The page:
something false. We use 1 for truth and 0 for falsity, so a proposition is defined to have a value, either true or false, 1 or 0. Logic, please note, is not generally concerned with telling us which: thats a matter of experience. Logic is concerned not with the truth, but with whether arguments are sound, although admittedly this came to be formulated in some propositions being true for logical reasons, for example: A or not A. This is sometimes said to be a necessary truth, or a tautology. Tautologies arent statements about the world, they only look a bit like them. Their truth is not a matter of the world being some way when it might have been another. They are true in a thoroughly boring way: they are statements about how language is correctly used. They are the rules that have been extracted from how language was in fact used. Later they became the rules of how youd better use language if you didnt want to be laughed at as too dumb to figure out the rules from the samples. All this worked for a long time; although the algebraic notation came more recently; all it did was say in shorter symbol strings what Aristotle knew two and a half thousand years ago. Time for something new. It was the philosopher Leibnitz who is credited (by John Maynard Keynes, the economist) with the observation that people also pick up a different and more powerful form of reasoning. If you see a fire engine going flat out and flashing its lights and making a lot of noise, and see a column of smoke rising in the distance, you cant be certain that something is on fire, but it seems likely. And if A is very likely to be the case, and whenever A is true then B is almost always true too, then you are inclined to think B is likely to be true. You cannot be sure, and Aristotelian logic is no help, but people make a living betting on less likely things than that. And we all reason this way, we follow some set of rules, what one might call rules of plausible reasoning, but most of us dont know what the rules are. So its a bit like logic before Aristotle; most of us are smart enough to have worked out rules of plausible reasoning from seeing other people do it, but are not quite smart enough to articulate those rules. We can follow them but not state them. So when we see the fire engine and the column of smoke, or the man wearing a Mickey Mouse mask climbing through the jewellers window with a bag over his shoulder, we frame some plausible hypotheses rather quickly, despite the claim of fire or burglarious intent not being warranted by strict logic. And again, just as with Aristotelian logic, there is a case for being taught what the rules actually are by someone who has articulated them, because knowing the rules, or at least where to find the rule book, helps when the situation is complicated. People who can do this can reason better and are less likely to make blunders in their thinking. In other words, they are, in operational terms, smarter. Leibnitz wrote enthusiastically about the prospects for an extension of classical logic to the case of plausible reasoning, but never got down to the nitty-gritty of saying what the rules actually were. Many philosophers while excellent at seeing the big picture are, alas, regrettably fluffy about the fine detail. And some things depend rather a lot on the fine detail. Jump forward about two and a half centuries to the early twentieth century, when logicians were wondering about generalising logic, just for fun. An obvious possibility is to have more than two possible values for the truth value. Instead of just False and True, how about another third option? It is perfectly possible to have a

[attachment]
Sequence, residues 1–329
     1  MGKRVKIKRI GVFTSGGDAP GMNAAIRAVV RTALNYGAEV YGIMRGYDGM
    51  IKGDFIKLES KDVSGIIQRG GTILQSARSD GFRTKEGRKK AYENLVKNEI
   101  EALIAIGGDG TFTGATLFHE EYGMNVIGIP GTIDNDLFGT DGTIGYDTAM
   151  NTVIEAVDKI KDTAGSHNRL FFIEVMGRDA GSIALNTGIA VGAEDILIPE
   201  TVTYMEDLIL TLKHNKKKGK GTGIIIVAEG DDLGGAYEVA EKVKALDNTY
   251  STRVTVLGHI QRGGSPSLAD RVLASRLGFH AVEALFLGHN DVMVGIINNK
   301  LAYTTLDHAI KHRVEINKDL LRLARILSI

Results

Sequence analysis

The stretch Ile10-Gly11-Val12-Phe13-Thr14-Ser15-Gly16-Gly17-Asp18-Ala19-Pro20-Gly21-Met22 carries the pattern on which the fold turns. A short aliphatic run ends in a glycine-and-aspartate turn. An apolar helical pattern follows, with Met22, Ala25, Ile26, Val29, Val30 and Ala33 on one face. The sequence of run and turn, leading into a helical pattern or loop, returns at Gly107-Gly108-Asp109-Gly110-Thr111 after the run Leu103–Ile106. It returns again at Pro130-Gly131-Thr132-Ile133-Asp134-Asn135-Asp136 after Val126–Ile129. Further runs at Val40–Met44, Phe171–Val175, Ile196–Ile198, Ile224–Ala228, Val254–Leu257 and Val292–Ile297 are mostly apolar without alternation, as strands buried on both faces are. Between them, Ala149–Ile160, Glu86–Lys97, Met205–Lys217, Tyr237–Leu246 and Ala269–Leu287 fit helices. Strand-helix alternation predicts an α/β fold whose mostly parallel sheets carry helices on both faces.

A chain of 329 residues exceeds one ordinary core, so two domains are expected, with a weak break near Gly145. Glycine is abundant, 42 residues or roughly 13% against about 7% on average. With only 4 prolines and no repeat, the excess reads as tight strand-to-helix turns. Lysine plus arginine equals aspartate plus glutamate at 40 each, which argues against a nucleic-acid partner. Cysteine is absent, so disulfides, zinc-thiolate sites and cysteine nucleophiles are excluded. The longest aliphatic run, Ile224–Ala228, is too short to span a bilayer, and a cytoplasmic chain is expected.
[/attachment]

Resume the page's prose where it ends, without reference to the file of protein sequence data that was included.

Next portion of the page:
new possibility and build a system of rules for working in this new three valued logic. The question is, what would it mean? The answer is it could mean anything you wanted it to, so the next question is, what meaning could you give to it that would make it useful? When an innocent student, I once found a moderately useful meaning for a five valued logic in electronic circuitry, but it seemed a bit restricted and not as exciting as one might like. Can one find a generalisation of logic, where you have more than two values, that would be really applicable and useful? John Maynard Keynes, in 1920, argued that you could. He reasoned that you could have a continuous logic, where you had not only the numbers 0 and 1, but all the other numbers in between as well. And if you had a proposition B, you could assign a number between 0 and 1 to B to represent the extent to which you believed B, the credibility of B. A credibility value of 1 meant that you thought B was true, 0 meant you thought it was false, and the other numbers in between were for representing different degrees of belief. This, he thought, was what we were doing when we assigned probabilities to things. Mostly, people had assigned probabilities to events up to this point. Keynes thought we should assign probabilities to propositions. If you take a coin and toss it and no funny business is going on, then Keynes said that the statement the coin will land with head up had probability one half. The probability isnt a property of the coin, its a property of a statement about what the coin will do, made by someone with a certain amount of information. Change the relevant information that the person has, and you change the probability. If a close investigation of the coin showed a head on both sides, it would change a lot. Many people heartily disliked this approach, arguing that it made everything subjective. They wanted to believe that the probability was something the coin had, and moreover that you could measure it by tossing it lots of times and counting the outcomes. They said that the probability was one half when the ratio in the limit, as you did more and more tosses, of the number of heads to the total number of throws was one half. Since you cannot in fact toss a coin an infinite number of times, it follows that you cannot ever actually know the probability exactly, but you can get closer and closer estimates. This is what is known as the frequentist interpretation of probability. There are a number of serious problems with this. One of them is that mostly it isnt practicable to perform the equivalent of tossing a coin more than once. If you see a race between four spavined, three-legged donkeys and the horse that just won the grand national, you are not entitled to say the probability is high that the horse will win, until the race has been held and repeated a few dozen times. If you see someone collapse, purple in the face, you are not allowed to say that he probably had a heart attack unless he has done it several times and it was mostly a heart attack before. Probability of the frequentist sort depends on replications of experiments, although frequentists are conveniently vague as to what counts as a repetition. Many events couldnt be repeated at all, but we still feel inclined to think that some are more likely than others. Another objection is that the tossing of a coin is, if you happen to believe Newton got things pretty much right, a deterministic process. So how does the probability come in? An obvious answer is that the final state depends in a perfectly deterministic way on the initial orientation of the coin and the angular and linear momentum it got when